Bon Docteur Nunatak, also known as Good Doctor Nunatak, is a small coastal nunatak, 28 metres (92 ft) high, standing at the west side of the Astrolabe Glacier Tongue, 400 m (1,300 ft) south of Rostand Island in the Geologie Archipelago of Antarctica. It was photographed from the air by U.S. Navy Operation Highjump, 1946–47, charted by the French Antarctic Expedition, 1952–53, and named for Dr Jean Cendron, the "good doctor", medical officer and biologist with the French Antarctic Expedition, 1951–52.
Carrel Island, also known as Le Mauguen Island, is a small, rocky island 400 metres (1,300 ft) long lying 200 metres (660 ft) south of Petrel Island in the Géologie Archipelago of Antarctica. It was charted in 1950 by the French Antarctic Expedition and named by them for Alexis Carrel, noted French surgeon and physiologist.
Caughley Beach is the northernmost beach on the ice-free coast south-west of Cape Bird, Ross Island, Antarctica. It was mapped by the New Zealand Geological Survey Antarctic Expedition, 1958–59, and named for Graeme Caughley, biologist with the party that visited Cape Bird. New College Valley, Antarctic Specially Protected Area (ASPA) No.116, lies above the beach.
The Géologie Archipelago, also known as the Pointe Géologie Archipelago, Geology Archipelago or Cape Geology Archipelago, is a small archipelago of rocky islands and rocks close to the north of Cape Géodésie and Astrolabe Glacier Tongue, extending from Helene Island on the west to the Dumoulin Islands on the east, in Adélie Land, Antarctica.
Moutonnée Lake is a sub-glacial lake that lies within Moutonnee Valley, marginal to the George VI Ice Shelf, 7 km (4.3 mi) south of Ablation Point indenting the east coast of Alexander Island, facing the west coast of Palmer Land, Antarctica. Following limnological and tidal studies by the British Antarctic Survey (BAS) from 1971, it was named by the United Kingdom Antarctic Place-Names Committee (UK-APC) from the presence of roche moutonnées on its shores. As with nearby Ablation and Hodgson Lakes, Moutonnée receives large masses of ice from the adjacent George VI Ice Shelf in George VI Sound, making life in the lake unsustainable. The site lies within Antarctic Specially Protected Area (ASPA) No.147.
Lamarck Island is a rocky island 250 m (820 ft) long, lying 300 m (980 ft) east of Petrel Island and 300 m (980 ft) north-east of Rostand Island in the Géologie Archipelago, off the Adélie Coast of Antarctica. It was charted in 1951 by the French Antarctic Expedition and named by them after Jean-Baptiste Lamarck, the French naturalist.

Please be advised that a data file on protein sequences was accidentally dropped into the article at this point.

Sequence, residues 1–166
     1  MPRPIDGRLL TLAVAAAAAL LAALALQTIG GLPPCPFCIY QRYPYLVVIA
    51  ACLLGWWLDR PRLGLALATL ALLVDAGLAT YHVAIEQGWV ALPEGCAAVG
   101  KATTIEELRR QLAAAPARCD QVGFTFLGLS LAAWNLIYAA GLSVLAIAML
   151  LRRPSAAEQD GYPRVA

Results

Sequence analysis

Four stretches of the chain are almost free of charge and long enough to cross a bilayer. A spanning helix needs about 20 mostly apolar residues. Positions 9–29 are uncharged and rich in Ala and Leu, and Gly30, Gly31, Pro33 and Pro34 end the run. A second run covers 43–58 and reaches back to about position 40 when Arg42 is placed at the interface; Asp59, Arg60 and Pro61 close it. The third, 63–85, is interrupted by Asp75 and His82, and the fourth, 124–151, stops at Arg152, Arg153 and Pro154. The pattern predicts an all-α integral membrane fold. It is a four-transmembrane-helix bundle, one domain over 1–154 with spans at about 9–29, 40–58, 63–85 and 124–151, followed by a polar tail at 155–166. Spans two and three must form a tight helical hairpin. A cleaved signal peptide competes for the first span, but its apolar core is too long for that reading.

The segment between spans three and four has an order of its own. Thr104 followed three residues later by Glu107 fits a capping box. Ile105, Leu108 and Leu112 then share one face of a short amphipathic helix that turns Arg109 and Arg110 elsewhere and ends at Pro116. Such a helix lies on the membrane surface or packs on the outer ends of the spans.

Rostand Island is a rocky island 400 m long and 200 m south-east of Petrel Island in the Geologie Archipelago of Antarctica. It was charted in 1951 by the French Antarctic Expedition and named by them for Jean Rostand, noted French biologist.
Taylor Rookery is an emperor penguin breeding colony on the Mawson Coast of Mac. Robertson Land in East Antarctica. It is the larger of the two known entirely land-based colonies of the species, most of which are situated on sea ice.
Amanda Bay, also sometimes known as Hovde Cove, lies in southern Prydz Bay on the Ingrid Christensen Coast of Princess Elizabeth Land, East Antarctica. It is best known for its breeding colony of several thousand pairs of emperor penguins on sea ice at the south-west corner of the bay.
The Ablation Point – Ganymede Heights Antarctic Specially Protected Area is a 180 km2 mountainous tract of land on the eastern side of Alexander Island in the Bellinghausen Sea, west of Palmer Land on the Antarctic Peninsula. It has been designated Antarctic Specially Protected Area (ASPA) No.147 for its geological, geomorphological, glaciological, limnological, and ecological values, and to protect its terrestrial and freshwater ecosystems from uncontrolled human visitation and activity.
The North-west White Island Antarctic Specially Protected Area comprises a 142 km2 area of coastal shelf ice on the north-west side of White Island in the Ross Archipelago of Antarctica.The site has been designated an Antarctic Specially Protected Area because it supports an unusual small breeding population of Weddell seals, which is not only the most southerly known, but which has also been physically isolated from other populations by the advance of the McMurdo and Ross ice shelves. The first seals in the area were recorded in 1958, since when the population has grown to 25–30. The seals use the open waters of McMurdo Sound but do not have the breathing capacity to reach the open ocean by swimming beneath the intervening 20 km of permanent shelf ice.